Five South African designers of celestial (and earthly) bling

Encompassing crowns, blades and naturally inspired textures, here's a look at some of the jewellery designers among the 40 talented Emerging Creatives of 2015.

Every year the Design Indaba Expo floor sparkles with the handiwork of South Africa’s most exciting jewellery designers.

This year a number of the Design Indaba Emerging Creatives are showcasing their jewellery ranges. Each designer has their own particular aesthetic, method and distinct interpretation of luxury design. Although the work of these jewellery designers has a strong African essence, they also bring to their designs some international inspiration: Michelle Liao spent her early years in Taiwan, and both Karien van Langelaar and Anine Roos pursued further studies in Italy after graduating from South African universities.

Here is a sample of the work they'll be bringing to Design Indaba Expo 2015:

Anine Roos

Jeweller Anine Roos holds an honours degree in visual arts from the University of Stellenbosch, as well as a master's degree in luxury design from Creative Academy in Milan. Her label Paper Dolls is a proudly South African brand that showcases how jewellery can bring together beautiful craftsmanship and well considered design. Jeweller Anine Roos creates pieces that celebrate the journey she has made from conceptual artworks to luxury design. Roos uses a range of both traditional and modern techniques to create distinctive sculptural pieces in pastel painted copper, fine silver and rose gold.

Nicola Hemmes

Nicola Hemmes has a background in graphic design and photography and studied silversmithing at Constantia Waldorf School in Cape Town. Her jewellery company, APIS ATELIER, creates chunky bracelets, necklaces, rings and earrings in silver or bronze sculpted from an eclectic mix of cast coral, leather, driftwood, pebbles, shells and beautiful semi-precious stones. Hemmes is currently working on raw gemstone bronze rings and cuffs, each with a remarkable contrast of smooth polished metal with rough, jagged semi-precious stone. The pieces are sophisticated yet grounded with strong natural elements.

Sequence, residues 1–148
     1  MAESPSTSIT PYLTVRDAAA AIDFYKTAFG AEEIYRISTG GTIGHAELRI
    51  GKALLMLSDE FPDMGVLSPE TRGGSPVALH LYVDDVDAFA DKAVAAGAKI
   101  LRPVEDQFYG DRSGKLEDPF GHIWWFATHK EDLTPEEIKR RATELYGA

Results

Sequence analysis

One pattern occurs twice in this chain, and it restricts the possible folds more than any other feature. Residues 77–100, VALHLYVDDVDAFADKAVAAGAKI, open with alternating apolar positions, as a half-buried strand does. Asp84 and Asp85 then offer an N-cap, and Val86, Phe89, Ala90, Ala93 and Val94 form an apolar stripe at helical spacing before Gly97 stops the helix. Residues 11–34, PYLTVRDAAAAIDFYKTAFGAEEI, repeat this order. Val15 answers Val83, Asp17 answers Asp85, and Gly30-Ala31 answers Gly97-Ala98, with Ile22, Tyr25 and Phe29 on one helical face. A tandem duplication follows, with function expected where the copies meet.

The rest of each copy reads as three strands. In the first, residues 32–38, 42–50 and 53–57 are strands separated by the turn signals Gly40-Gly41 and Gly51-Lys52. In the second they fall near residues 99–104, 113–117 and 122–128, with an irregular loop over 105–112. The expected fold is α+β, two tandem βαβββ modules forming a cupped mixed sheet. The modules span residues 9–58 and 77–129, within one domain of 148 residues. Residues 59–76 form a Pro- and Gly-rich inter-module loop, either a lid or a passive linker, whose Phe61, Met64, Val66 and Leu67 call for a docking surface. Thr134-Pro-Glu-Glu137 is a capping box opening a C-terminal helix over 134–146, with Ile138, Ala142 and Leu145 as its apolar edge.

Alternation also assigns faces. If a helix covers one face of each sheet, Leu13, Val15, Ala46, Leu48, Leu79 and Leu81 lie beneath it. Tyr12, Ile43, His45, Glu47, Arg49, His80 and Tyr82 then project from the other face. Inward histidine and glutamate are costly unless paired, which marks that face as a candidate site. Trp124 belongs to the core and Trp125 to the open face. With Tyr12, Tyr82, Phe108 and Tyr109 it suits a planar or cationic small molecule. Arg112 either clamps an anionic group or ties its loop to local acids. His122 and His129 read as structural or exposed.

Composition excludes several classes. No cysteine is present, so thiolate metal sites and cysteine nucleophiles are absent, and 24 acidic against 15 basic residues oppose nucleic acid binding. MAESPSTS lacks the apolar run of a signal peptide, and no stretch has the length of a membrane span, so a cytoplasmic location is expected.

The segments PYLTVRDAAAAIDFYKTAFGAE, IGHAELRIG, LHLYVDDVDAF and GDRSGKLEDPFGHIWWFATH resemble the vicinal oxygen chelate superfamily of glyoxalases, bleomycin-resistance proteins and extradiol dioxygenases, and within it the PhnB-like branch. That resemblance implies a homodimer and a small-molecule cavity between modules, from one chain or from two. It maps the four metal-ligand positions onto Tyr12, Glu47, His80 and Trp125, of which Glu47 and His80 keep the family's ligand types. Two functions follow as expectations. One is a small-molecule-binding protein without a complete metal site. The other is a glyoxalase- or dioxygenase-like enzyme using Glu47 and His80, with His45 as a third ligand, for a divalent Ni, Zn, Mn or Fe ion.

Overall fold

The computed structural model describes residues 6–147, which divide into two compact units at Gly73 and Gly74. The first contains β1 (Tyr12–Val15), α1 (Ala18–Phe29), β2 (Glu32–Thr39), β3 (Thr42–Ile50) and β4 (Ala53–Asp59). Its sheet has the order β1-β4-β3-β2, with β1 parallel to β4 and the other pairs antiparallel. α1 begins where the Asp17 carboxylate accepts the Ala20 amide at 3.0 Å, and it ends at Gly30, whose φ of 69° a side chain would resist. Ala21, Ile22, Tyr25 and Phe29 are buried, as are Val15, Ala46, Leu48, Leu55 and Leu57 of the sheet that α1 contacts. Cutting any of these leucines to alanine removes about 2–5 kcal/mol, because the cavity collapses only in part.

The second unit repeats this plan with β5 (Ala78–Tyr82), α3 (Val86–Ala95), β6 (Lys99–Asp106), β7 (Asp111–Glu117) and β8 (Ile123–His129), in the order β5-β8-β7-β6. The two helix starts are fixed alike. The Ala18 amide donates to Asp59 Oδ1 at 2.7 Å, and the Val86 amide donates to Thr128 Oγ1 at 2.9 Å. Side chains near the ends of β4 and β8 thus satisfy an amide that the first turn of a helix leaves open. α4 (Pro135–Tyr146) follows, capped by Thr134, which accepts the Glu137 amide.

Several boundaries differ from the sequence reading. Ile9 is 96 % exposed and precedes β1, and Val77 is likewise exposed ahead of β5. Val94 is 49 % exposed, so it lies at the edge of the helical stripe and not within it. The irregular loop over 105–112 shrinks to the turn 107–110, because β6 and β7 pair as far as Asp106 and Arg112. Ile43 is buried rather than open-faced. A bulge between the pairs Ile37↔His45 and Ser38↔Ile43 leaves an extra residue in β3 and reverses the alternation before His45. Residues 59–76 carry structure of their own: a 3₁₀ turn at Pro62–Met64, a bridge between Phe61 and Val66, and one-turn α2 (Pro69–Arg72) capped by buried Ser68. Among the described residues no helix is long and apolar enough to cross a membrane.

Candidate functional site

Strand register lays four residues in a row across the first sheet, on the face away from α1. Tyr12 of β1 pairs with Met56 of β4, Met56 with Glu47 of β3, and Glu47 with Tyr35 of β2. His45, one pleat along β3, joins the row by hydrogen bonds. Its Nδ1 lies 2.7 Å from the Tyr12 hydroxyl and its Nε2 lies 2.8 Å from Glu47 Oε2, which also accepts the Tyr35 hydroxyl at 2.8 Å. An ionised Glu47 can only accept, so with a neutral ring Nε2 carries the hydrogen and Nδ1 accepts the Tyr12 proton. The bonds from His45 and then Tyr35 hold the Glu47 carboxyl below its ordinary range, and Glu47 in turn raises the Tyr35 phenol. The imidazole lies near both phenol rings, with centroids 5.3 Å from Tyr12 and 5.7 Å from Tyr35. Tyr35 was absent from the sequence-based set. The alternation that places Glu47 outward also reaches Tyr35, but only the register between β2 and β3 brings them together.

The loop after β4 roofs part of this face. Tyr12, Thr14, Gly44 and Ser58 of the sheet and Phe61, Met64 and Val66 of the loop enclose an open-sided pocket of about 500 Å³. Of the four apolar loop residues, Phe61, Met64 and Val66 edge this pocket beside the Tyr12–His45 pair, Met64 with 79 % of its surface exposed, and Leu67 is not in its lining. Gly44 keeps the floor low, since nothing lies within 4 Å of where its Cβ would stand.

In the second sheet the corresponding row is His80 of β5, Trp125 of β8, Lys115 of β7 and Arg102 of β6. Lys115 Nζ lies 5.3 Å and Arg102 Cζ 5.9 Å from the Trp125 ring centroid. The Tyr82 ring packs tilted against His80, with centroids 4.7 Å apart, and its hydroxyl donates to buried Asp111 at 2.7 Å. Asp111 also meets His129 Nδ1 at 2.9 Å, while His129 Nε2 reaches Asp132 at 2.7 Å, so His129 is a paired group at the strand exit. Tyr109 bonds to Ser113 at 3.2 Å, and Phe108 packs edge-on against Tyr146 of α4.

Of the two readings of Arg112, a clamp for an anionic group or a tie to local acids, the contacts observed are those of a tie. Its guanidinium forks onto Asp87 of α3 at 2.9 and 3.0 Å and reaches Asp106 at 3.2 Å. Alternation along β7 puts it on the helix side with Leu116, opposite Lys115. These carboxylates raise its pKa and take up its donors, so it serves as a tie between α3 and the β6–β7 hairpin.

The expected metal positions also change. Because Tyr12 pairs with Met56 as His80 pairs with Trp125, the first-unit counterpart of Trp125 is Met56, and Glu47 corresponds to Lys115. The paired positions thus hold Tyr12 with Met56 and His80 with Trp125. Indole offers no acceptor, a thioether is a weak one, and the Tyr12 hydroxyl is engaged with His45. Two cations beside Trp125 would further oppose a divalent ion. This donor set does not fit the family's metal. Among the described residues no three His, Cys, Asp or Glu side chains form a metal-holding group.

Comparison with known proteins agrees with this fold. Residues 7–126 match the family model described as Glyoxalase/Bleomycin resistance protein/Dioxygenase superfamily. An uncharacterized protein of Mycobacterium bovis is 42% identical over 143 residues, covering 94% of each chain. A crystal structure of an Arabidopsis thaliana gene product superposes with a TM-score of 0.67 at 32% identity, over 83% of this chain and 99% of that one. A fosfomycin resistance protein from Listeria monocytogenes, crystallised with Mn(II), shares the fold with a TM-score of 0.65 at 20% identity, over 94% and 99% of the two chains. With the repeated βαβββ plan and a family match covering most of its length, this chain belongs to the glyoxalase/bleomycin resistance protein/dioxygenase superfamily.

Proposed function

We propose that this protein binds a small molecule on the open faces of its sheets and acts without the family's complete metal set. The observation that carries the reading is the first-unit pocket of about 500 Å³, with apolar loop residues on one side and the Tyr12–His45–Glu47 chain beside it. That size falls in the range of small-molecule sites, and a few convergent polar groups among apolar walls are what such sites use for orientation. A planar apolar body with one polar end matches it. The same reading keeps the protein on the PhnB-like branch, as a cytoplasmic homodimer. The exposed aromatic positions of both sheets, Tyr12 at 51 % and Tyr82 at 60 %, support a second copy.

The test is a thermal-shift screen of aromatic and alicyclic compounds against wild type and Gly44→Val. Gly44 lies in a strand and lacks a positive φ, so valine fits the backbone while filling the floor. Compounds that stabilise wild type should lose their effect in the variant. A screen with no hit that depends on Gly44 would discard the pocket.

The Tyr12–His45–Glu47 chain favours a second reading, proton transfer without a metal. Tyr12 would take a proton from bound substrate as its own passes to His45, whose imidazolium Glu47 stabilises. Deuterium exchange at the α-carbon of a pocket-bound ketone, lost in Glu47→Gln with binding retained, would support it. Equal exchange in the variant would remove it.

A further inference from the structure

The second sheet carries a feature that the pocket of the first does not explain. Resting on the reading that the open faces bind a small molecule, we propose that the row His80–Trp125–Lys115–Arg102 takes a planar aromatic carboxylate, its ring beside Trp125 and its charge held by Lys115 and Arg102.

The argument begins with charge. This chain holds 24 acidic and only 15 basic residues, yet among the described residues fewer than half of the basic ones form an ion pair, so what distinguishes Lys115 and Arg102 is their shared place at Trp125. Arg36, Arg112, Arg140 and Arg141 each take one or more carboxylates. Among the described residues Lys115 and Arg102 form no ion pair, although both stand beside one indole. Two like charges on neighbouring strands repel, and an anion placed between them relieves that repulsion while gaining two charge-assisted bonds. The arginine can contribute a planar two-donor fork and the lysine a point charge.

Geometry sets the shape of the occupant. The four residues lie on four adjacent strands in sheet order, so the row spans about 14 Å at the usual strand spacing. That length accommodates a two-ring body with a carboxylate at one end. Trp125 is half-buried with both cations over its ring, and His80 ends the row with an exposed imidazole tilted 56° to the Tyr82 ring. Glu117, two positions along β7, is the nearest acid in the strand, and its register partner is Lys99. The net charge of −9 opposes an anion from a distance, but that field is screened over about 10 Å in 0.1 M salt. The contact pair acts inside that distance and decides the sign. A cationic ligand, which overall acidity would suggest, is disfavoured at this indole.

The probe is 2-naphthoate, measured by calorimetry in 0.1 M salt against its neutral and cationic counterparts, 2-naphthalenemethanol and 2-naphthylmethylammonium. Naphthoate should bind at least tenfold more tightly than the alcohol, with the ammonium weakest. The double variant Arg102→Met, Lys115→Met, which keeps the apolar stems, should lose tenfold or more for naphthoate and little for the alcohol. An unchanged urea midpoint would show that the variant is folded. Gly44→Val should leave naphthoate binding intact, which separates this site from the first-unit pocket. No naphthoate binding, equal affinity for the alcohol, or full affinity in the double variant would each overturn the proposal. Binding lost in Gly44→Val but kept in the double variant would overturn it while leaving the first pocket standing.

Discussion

Karien van Langelaar

After completing her BA degree in Visual Arts, Creative Jewellery and Metal Techniques at Stellenbosch University in 2012, Karien van Langelaar spent three months doing an intensive jewellery course at Alchimia Contemporary Jewellery School in Florence, Italy. Van Langelaar’s work explores the conceptual idea of nature’s unpredictable happenings in the human body, manifested as abnormal growths within and around each of her delicate pieces. At Design Indaba Expo 2015 Van Langelaar will be showcasing one-off pieces, including sterling silver earrings in the form of casted seeds, decorated with gold leaf and oxidising techniques, and pieces with flush settings of black diamonds and garnets.

Lloyd Matthew Moodley

Lloyd Matthew Moodley’s fascination with making things by hand led him to knife making and leather work, which soon developed into making tools for blacksmithing and creating wrought iron jewellery. Moodley creates pieces that are usable and “ready for work” and will be showcasing his knives and tools, as well as jewellery and accessories, at Design Indaba Expo 2015. A graduate of Jewellery Design and Manufacture at the Durban University of Technology, Moodley was a finalist in the 2012 AngloGold Ashanti gold design competition.

Michelle Liao

Michelle Liao graduated from the Ruth Prowse School of Art with a degree in Jewellery Design and Manufacturing in 2014. She moved to South Africa from Taiwan in the early 90s and the pieces she creates for her company, Michl Contemporary Fine Jewellery, are inspired by contemporary African aesthetics infused with her strong Asian cultural heritage. Liao creates traditional jewellery using precious and semi-precious metals, while also incorporating unusual found objects: Scooby wire, paper and resin. Her current range, This is My Africa (TIMA), showcases the delicate balance between traditional craft and contemporary transformation. The repetition of circular shapes and simple lines dominates the overall aesthetics of the range.